The truth is, while learning the Hebrew language isn’t easy, it is indeed the language of the Bible with an endless list of magnificent words and phrases. On the same note, modern Hebrew has a fast-paced, ever-changing language with vibrant idioms, fun slang, and expressions. And these phrases convey specific, nuanced meanings when used correctly.
Like many languages, Hebrew contains unique words and phrases that cannot be directly translated into English. But once you learn these words from any reliable Hebrew Course Online, you are unlikely to manage without them. That said, here are 8 of the trickiest Israeli words without direct translation for you to master.
1. CHAVAL AL HAZMAN
This is a phrase used frequently, and it translates to “shame on the time.” In simple words, it is an exclamation of how breathtaking something is, used commonly to refer to incredible events or something exciting. Suppose you’re asked, “how was the party?” you reply with “it was chaval al hazman” if it was amazing. Some people shorten the phrase into a single word: Chavlaz.
2. KOEV LI HALEV
The phrase roughly translates to “my heart hurts” and is used to suggest empathy for someone or something. It can also be used as an expression to identify someone’s suffering that makes your own heart twinge.
Neshama is a word similar to “sweetie,” but precisely means “soul.” When combined with “neshama sheli,” it expounds to mean “my soul.” Both men and women can use this word to express their feelings about how important their partners are.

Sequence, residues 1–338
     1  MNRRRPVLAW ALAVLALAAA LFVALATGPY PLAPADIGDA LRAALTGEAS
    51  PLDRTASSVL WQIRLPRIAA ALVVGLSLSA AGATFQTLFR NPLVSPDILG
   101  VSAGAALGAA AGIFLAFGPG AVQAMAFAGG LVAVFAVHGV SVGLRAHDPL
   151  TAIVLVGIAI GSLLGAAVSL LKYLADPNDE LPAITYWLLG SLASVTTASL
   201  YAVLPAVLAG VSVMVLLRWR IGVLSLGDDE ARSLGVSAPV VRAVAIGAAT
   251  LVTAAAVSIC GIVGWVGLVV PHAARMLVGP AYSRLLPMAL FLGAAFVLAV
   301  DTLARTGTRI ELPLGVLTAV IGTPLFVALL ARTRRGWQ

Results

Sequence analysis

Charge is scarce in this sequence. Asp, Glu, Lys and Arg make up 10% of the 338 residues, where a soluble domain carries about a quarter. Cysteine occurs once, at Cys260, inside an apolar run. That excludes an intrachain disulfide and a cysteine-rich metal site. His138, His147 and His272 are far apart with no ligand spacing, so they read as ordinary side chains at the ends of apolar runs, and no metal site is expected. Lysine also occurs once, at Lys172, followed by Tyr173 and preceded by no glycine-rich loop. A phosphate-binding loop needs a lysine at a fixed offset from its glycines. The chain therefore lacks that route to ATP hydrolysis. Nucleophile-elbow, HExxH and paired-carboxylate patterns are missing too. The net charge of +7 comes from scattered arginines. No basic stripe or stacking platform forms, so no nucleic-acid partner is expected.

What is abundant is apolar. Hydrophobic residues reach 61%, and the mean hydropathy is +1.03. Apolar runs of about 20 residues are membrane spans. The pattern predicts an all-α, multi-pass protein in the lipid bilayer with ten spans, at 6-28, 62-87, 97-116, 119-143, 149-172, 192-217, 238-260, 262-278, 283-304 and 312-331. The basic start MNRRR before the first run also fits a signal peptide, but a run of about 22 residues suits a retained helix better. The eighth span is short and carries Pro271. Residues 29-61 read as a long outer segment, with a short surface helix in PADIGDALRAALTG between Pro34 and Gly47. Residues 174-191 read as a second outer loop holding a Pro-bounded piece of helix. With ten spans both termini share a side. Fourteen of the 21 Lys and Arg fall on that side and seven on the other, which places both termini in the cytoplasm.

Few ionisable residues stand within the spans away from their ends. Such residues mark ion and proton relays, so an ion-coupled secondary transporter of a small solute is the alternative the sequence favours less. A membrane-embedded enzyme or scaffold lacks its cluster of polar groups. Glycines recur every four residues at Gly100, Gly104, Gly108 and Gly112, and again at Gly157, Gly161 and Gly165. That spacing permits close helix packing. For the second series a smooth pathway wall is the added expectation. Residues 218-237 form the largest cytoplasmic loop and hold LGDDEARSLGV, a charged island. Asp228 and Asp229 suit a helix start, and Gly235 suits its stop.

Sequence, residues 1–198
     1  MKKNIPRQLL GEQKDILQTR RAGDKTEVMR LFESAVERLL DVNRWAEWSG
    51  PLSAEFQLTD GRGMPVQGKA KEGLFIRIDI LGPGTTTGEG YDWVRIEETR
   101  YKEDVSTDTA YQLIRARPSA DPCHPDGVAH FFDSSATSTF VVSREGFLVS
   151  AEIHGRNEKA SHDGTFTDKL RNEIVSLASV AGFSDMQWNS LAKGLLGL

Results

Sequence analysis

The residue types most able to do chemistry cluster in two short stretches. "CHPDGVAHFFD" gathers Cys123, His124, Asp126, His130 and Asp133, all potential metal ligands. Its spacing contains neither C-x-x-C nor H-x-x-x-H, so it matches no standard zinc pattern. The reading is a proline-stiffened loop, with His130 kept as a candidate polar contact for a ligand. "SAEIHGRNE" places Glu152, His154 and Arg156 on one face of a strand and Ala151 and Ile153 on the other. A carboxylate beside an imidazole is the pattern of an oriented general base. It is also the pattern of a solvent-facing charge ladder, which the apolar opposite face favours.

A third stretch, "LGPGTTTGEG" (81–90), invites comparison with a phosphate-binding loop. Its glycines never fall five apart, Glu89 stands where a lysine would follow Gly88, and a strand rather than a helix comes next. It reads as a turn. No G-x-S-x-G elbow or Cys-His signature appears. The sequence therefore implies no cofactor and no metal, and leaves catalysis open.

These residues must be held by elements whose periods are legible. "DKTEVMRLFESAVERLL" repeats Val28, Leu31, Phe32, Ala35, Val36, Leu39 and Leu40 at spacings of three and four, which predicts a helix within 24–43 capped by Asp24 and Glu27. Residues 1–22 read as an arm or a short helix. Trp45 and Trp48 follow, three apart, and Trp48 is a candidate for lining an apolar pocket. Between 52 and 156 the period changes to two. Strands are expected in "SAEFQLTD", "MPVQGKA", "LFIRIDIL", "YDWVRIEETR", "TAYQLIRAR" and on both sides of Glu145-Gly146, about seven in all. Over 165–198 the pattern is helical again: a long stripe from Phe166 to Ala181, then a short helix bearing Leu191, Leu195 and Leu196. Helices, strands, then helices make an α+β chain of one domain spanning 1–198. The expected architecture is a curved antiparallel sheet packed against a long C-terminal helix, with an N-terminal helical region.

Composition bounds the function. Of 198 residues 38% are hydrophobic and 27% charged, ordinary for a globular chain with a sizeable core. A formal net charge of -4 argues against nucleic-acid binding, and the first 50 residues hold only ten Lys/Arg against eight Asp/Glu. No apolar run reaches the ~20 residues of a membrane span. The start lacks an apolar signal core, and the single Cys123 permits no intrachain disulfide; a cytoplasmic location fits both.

4. SOF HA’OLAM SMOLAR
When asking for directions to obscure places, this is the expression you’re likely to hear. It means “the end of the world, to the left” with the closest English translation of “in the middle of nowhere.” For example, if a person asks, “Where’s the event being held?” The other person’s answer would be, “it’s sof ha’olam smolah,” (“Way off in the middle of nowhere.”)
5. LA’ASOT CHAIM
This is one of the most uncomplicated and plain phrases you say to someone about to embark on a journey, travel, or do something exciting. In other words, it means “to do or make life.”
6. SOF HA’DERECH
Literally, this phrase translates to “end of the road” — recalling a similar meaning to the idiom “sof ha’olam smolar.” However, this expression is used differently and describes a unique state for when you lack literal words to express your emotions. ‘Sof ha’derech’ can be used in Hebrew slang to mean something along the lines of ‘this was so amazing, I’m speechless!’
7. KAPARA ALECHA
The word Kapara is commonly used for an old ritual orthodox Jews did during the day of atonement (Yom Kippur). This gives the phrase, Kapara Alecha, the translation “Atonement over you.” it is otherwise used frequently as “darling” or “sweetie.”
Yalla is an Arabic word, but it is commonly used as a Hebrew slang to mean “let’s go.” This word is used in so many ways. For instance, when nearing the end of a call conversation and one party says “yalla,” it means it’s time to hang up. Generally, Yalla can be used as verbal punctuation.
Learning Hebrew Online with LanguageBird
You don’t have to be Israeli to translate or understand the meaning of Hebrew words, phrases, and expressions without direct English translations. But you can use them to make responses different from your everyday default. If you want to learn more Hebrew words without direct translation, we here at LanguageBird offer accredited online Hebrew classes. Contact us to get started today!